News From The Wealthy Dentist #33: February 21, 2007
by Jim Du Molin
What’s a Dentist Need To Do To Get Some Press? Not That Much!
It doesn’t take a marketing genius to realize that getting your name in the local paper could be good for business (as long as you’re not making headlines for a scandal!). But perhaps you’re not sure what you do that’s newsworthy.
Well, the bar is sometimes a lot lower than you might think – it just takes one small good deed, at the right place and the right time. And it doesn’t hurt to have a photographer nearby.
Dr. Tom Davis, a dentist in Binghamton, NY, made news in his local paper after
he stopped to help a neighbor whose car was stuck in the snow. He was driving
home when he saw a woman spinning her tires in vain, her small sedan no match
for the pile of snow it was perched atop.
So Dr. Davis called two assistants, grabbed a shovel, and helped the woman extricate her car. When a local reporter with a camera happened upon the scene, the simple favor became a newsworthy act. Now everyone who reads the Binghamton paper knows what a great guy Dr. Davis is. Not bad for free publicity, huh?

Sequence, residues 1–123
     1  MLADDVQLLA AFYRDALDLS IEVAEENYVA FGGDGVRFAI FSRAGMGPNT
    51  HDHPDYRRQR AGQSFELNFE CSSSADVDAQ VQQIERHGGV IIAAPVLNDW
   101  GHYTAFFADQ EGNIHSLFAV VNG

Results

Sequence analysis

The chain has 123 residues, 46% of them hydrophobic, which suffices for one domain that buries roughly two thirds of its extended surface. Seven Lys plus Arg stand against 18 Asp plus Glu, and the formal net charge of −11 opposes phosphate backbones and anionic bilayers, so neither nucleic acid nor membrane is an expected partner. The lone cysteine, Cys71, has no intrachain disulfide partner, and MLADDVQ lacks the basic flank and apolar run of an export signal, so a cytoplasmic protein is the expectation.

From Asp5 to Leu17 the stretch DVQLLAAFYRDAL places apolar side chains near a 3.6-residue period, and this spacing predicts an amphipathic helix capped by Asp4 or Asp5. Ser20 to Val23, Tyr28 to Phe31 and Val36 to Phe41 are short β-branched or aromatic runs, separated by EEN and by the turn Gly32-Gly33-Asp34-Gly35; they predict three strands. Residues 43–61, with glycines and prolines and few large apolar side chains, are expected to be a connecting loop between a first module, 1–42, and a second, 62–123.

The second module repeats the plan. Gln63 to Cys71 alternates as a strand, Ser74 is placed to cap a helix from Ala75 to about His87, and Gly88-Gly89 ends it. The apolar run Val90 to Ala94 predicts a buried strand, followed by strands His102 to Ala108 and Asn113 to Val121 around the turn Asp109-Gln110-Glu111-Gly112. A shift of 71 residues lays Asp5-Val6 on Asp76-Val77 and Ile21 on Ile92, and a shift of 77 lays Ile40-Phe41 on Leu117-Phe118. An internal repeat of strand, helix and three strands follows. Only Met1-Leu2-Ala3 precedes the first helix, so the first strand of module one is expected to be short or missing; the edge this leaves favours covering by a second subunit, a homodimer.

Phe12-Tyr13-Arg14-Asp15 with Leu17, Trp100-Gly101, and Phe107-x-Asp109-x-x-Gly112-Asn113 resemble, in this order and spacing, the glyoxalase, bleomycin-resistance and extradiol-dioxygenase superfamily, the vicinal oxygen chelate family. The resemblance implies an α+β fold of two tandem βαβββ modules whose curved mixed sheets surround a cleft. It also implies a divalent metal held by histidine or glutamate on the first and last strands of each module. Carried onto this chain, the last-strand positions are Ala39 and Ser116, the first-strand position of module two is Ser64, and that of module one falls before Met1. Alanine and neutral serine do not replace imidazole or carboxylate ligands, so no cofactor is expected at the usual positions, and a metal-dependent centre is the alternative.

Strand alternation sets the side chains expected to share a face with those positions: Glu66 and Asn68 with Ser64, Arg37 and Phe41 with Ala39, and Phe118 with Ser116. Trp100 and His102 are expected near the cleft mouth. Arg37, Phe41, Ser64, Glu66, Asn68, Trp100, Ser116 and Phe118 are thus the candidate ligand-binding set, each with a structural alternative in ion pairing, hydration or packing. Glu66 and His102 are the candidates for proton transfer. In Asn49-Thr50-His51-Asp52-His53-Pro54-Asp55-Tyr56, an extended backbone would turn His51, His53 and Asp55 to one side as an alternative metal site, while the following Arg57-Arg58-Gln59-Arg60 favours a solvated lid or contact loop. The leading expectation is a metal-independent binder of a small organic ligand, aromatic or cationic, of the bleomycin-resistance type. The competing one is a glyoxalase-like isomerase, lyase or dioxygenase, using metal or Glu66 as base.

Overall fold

But let’s say no reporters stumble upon you in your most heroic moment. Have no fear! It doesn’t take a lot of work on your part to get yourself and your practice in the news – and that’s free publicity. Let’s take a moment to look at
the power of press releases.
First off, you need to start with some newsworthy item. Some examples:
- You or your practice has received an award or honor.
- You’ve gotten new equipment or introduced a new service.
- You’ve done or are going to do something for the community: free dental care to